Here - The New Traditionals
Annie and the Hedonists honor their folk-music roots with a sense of humor, and a new CD
Several years ago at the Gottagetgon, a small annual folk festival held at the Saratoga County Fairgrounds on Memorial Day weekend, a knot of musicians had gathered by the snack bar for the evening picking session. As I walked up to them, I heard a blonde woman whom I’d never seen before singing Ernest Tubb’s 1965 country classic “Waltz Across Texas.”
sounded like the young Bonnie Raitt, and her sweet, sultry vocals were
so exquisite—dead-on pitch, free of strain, and full of yearning—that I
was captivated. This had to be one of the performers, I figured, but as
a lifelong fan and player of acoustic music, how come I didn’t know her
name? I turned to someone I knew and asked who she was. He identified
her as Annie Rosen, and no, she wasn’t on the bill, either.
It turned out that Annie and her guitarist husband Jon, the current director of safety and health for the New York State Public Employees Federation, had formed a rootsy acoustic quartet with Steve and Betsy Fry. (Disclosure: In the early 1980s I was in the short-lived Apocalypso String Band with Steve Fry, a mandolin-playing practical joker who named his daughter Amanda Lynn.) The four Baby Boomers called themselves Annie and the Hedonists after a time at a banquet when they ate Baked Alaska with their fingers, the silverware having by then been removed.
With their smorgasbord of early blues, bluegrass, country, Celtic, Tin Pan Alley tunes and contemporary acoustic music, they resist easy categorization. Critics are not faulting them for this, though: Writing about their second CD, Moonglow on the Midway (also reviewed in Metroland on Sept. 14, 2006), the folk journal Sing Out! said, “This Albany-area quartet swings their way through their sophomore release with style, energy and respect for these great old tunes.” Dirty Linen agreed in their February-March 2007 issue, saying, “Annie and the Hedonists have bottled an essence of bohemianism.”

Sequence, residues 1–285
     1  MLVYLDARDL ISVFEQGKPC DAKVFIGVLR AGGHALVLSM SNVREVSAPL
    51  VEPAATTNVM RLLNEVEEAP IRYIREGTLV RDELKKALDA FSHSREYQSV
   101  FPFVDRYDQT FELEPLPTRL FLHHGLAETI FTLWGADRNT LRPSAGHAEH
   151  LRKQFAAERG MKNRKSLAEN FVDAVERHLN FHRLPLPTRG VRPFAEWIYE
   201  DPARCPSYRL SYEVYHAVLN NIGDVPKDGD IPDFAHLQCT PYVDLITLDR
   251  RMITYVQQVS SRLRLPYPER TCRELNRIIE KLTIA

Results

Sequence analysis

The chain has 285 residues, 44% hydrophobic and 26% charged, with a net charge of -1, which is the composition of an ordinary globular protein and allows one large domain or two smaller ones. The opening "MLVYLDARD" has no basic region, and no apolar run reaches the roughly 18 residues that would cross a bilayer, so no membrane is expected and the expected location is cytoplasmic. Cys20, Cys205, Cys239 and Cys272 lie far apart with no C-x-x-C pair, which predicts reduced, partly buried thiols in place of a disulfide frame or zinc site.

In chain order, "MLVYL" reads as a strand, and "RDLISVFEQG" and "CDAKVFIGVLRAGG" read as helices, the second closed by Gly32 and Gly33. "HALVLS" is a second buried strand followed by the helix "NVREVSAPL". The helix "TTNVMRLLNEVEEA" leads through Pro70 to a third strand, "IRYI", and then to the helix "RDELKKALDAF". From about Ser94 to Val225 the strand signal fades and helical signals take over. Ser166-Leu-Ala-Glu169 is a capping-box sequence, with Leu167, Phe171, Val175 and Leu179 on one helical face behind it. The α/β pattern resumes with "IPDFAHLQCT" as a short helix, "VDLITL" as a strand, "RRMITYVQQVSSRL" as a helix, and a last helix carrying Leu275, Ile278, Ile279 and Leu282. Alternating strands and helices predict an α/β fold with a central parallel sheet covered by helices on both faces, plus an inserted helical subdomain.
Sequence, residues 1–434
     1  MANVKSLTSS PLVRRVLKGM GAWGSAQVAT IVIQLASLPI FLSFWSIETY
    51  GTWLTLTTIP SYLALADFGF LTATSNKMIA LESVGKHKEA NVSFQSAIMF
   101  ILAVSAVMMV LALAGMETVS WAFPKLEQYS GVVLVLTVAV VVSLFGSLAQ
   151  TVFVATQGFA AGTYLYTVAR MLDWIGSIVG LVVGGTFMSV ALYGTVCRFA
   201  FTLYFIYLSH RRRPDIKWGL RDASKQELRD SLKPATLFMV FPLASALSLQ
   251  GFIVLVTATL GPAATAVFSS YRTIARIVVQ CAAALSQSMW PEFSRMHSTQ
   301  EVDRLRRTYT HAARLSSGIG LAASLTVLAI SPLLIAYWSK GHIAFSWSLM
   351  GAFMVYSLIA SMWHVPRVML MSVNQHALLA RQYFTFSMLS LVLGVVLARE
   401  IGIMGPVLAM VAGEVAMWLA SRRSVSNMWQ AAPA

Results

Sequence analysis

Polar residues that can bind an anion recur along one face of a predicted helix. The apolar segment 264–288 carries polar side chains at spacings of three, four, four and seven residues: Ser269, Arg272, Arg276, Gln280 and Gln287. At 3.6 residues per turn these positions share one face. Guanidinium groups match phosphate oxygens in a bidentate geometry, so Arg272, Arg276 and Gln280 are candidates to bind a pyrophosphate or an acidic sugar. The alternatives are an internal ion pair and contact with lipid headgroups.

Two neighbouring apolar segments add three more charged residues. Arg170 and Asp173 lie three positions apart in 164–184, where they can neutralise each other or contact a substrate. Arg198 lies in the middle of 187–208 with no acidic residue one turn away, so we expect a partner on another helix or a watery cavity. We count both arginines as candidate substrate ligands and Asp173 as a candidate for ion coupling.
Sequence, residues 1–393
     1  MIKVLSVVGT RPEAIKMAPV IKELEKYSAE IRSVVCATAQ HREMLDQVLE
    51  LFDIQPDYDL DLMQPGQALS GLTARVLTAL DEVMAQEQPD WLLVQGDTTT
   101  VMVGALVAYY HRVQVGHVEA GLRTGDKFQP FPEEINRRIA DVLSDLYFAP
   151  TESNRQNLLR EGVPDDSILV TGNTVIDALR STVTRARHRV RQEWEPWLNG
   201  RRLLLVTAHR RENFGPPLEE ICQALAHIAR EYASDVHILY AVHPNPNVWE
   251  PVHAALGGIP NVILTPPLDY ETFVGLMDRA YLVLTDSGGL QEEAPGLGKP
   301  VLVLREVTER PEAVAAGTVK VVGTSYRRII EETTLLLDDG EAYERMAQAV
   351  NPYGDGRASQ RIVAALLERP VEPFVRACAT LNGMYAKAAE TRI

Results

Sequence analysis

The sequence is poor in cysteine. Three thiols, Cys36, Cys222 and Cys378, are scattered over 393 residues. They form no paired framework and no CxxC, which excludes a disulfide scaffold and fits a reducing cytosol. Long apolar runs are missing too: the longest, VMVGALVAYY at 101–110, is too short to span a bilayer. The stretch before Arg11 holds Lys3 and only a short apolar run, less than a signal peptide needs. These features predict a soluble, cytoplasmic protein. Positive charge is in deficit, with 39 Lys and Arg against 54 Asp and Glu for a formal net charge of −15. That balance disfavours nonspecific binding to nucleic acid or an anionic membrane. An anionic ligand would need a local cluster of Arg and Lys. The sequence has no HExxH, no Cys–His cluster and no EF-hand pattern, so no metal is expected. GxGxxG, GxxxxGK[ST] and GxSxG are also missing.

On July 19, the group will mark the release of their third CD, Good Old Wagon, with a concert at the WAMC Performing Arts Studio.
The Rosens and the Frys all come from diverse musical backgrounds. Jon and Annie are from Milwaukee; she is of Yugoslavian descent, and both her parents sang and played the accordion. “Our household was always alive with music,” she says in an e-mail, adding, “I remember watching Lawrence Welk and the Ed Sullivan show. I knew from watching all those shows I wanted to become a singer.”
Jon’s father collected old 78s, and was a fan of jazzers like Louis Armstrong and Ella Fitzgerald, bluesmen like Leadbelly, and also folk music. “He said if it makes your spine tingle, then it its good music,” says Jon in a recent phone call.
Another major influence on Jon’s tastes was Rosen’s uncle, Arnold Berman, now an 84-year old resident of Wappingers Falls, N.Y., who was part of the leftist collective of folksingers who wrote “Charlie on the M.T.A.” in support of Progressive Party candidate Walter O’Brien’s 1949 run for mayor of Boston (O’Brien came in last, but the song was immortalized by the Kingston Trio’s recording of it a decade later).